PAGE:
Into the stones faces are inscribed, face-stones. The statues of the historical collection of Palazzo Altemps did not only dilapidate but also shot new limbs. The collectors had the unearthed marble bodies restored, that is, the famous sculptors of the day, Algardi, Bernini supplied the missing arms and legs, sometimes even placed heads from other statues on the torsos: marble prostheses, transposed ancient heads. In the collection there is a monumental bust of Antinous: of the portrait of emperor Hadrian’s lover made into a god on account of his beauty only the nape with the thick locks, the neck and the shoulders was found. The face had been consumed by erosion, smashed in by iconoclasts or lime burners perhaps, its inward-turned gaze long soaked up into walls that had themselves crumbled since, adding to the debris.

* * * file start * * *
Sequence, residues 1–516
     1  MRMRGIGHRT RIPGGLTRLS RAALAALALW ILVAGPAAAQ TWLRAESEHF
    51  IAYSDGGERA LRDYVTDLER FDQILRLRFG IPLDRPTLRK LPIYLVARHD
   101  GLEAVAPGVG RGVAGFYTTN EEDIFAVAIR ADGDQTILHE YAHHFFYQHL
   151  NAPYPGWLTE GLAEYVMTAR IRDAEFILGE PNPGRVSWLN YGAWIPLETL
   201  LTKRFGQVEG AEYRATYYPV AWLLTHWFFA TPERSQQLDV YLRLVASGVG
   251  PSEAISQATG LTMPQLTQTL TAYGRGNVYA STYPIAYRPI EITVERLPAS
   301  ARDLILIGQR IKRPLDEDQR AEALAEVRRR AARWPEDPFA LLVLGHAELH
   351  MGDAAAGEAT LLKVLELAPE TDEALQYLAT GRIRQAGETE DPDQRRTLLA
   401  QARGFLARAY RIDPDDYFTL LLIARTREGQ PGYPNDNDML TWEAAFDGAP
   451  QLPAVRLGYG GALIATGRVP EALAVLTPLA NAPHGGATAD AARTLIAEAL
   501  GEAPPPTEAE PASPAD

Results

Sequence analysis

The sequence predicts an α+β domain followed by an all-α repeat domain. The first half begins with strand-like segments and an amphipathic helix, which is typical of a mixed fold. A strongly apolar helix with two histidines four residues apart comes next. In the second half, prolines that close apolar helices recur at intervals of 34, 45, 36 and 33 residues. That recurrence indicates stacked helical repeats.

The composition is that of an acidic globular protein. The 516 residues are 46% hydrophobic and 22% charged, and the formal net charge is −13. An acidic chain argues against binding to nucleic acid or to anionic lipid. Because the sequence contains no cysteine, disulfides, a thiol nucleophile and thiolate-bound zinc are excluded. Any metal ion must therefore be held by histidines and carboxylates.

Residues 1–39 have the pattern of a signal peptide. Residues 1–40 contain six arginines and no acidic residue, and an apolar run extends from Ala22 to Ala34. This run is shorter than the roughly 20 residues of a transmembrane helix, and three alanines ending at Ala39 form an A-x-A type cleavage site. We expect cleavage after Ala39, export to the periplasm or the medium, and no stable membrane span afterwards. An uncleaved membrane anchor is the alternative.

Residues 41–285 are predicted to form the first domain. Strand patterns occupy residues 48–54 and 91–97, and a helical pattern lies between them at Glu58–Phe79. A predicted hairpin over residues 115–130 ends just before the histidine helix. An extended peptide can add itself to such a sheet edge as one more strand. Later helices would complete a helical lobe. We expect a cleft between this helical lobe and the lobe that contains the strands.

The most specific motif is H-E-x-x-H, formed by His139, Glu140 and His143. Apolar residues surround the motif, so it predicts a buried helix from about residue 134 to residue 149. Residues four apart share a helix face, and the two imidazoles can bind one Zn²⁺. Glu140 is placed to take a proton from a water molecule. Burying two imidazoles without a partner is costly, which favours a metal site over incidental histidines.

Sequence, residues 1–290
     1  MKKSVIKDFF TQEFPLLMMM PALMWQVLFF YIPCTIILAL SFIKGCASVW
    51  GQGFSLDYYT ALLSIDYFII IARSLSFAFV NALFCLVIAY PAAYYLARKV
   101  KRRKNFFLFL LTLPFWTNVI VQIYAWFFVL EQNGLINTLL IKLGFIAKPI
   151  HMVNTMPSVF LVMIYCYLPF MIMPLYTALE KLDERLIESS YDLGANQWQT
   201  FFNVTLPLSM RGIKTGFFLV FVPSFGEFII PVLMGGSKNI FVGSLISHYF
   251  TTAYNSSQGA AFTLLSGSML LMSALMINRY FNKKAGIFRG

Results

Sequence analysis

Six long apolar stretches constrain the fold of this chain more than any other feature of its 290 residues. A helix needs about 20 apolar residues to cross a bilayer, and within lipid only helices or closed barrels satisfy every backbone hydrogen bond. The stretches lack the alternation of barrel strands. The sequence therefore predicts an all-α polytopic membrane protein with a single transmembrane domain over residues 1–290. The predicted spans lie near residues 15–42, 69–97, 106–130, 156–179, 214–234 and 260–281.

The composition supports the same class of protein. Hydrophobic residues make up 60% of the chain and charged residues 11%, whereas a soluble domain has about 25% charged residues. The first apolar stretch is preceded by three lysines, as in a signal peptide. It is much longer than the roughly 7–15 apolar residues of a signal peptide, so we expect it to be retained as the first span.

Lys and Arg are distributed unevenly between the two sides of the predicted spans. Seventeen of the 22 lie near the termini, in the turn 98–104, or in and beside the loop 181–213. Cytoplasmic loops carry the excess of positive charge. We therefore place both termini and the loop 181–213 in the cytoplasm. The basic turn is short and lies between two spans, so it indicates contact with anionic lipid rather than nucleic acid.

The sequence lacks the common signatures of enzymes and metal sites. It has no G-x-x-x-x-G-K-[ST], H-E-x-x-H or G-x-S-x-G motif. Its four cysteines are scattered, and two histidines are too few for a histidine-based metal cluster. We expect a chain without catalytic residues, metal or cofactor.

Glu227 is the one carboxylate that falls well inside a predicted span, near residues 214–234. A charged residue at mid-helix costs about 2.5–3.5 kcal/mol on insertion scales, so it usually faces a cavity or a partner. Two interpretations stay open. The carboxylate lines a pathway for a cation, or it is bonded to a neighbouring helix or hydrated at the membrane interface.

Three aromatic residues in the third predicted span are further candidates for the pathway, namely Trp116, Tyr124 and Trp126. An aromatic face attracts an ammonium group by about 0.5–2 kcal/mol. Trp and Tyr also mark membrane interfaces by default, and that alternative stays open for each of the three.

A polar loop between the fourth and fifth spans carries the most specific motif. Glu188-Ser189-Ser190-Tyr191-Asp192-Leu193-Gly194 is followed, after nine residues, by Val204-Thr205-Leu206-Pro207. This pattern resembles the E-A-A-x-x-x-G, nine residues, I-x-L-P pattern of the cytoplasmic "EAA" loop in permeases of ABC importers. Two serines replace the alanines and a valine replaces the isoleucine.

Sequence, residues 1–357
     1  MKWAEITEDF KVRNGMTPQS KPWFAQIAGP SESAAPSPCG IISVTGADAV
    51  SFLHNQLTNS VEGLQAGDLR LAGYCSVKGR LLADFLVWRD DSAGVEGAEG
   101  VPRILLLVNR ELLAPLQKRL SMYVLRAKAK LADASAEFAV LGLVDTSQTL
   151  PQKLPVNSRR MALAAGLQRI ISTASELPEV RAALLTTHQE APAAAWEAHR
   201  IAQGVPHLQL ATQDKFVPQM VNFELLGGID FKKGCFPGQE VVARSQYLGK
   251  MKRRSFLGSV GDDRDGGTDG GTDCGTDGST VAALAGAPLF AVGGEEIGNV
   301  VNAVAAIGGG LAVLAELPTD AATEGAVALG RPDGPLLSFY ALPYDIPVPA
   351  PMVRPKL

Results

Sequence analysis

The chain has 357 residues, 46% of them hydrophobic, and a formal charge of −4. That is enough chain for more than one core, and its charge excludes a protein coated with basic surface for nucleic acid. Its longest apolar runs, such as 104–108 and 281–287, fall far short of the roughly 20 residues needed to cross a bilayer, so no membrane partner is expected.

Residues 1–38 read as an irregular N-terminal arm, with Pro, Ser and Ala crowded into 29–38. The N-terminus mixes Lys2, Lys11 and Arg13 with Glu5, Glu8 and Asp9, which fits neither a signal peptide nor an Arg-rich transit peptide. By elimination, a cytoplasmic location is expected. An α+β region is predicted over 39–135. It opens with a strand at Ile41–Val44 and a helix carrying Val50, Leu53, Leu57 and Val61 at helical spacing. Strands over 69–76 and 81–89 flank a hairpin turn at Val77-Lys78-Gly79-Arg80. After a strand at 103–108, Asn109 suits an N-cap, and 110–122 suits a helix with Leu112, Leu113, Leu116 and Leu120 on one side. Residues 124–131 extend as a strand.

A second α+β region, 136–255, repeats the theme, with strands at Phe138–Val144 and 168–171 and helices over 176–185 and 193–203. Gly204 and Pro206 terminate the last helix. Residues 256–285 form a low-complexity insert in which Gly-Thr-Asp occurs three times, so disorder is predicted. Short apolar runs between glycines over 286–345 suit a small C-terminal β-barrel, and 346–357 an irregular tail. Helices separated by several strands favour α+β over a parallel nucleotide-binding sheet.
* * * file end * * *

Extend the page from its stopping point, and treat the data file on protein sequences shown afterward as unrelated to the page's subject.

To recognize among hundreds of torsos, from the angle of the nape, the arc of the shoulders, the tilt of the faceless head, the peerless loved one: to see back the face and the gaze, the shining, the pain and the name. Face transplant bridging one and a half thousand years.
In Rome the stones are more brittle. They had been tenderized by the incessant touchings, fallings, by the procession of wheels, sandals, hooves. Their species are as known, tended and pruned as fruit trees in other lands. A pulvinum, cushion receives the weight of the architrave before passing it onto the capital, a mediator between two kinds of hardnesses: there exists an imaginary that would carve even a pillow out of stone. Working in soft matter is out of the question here.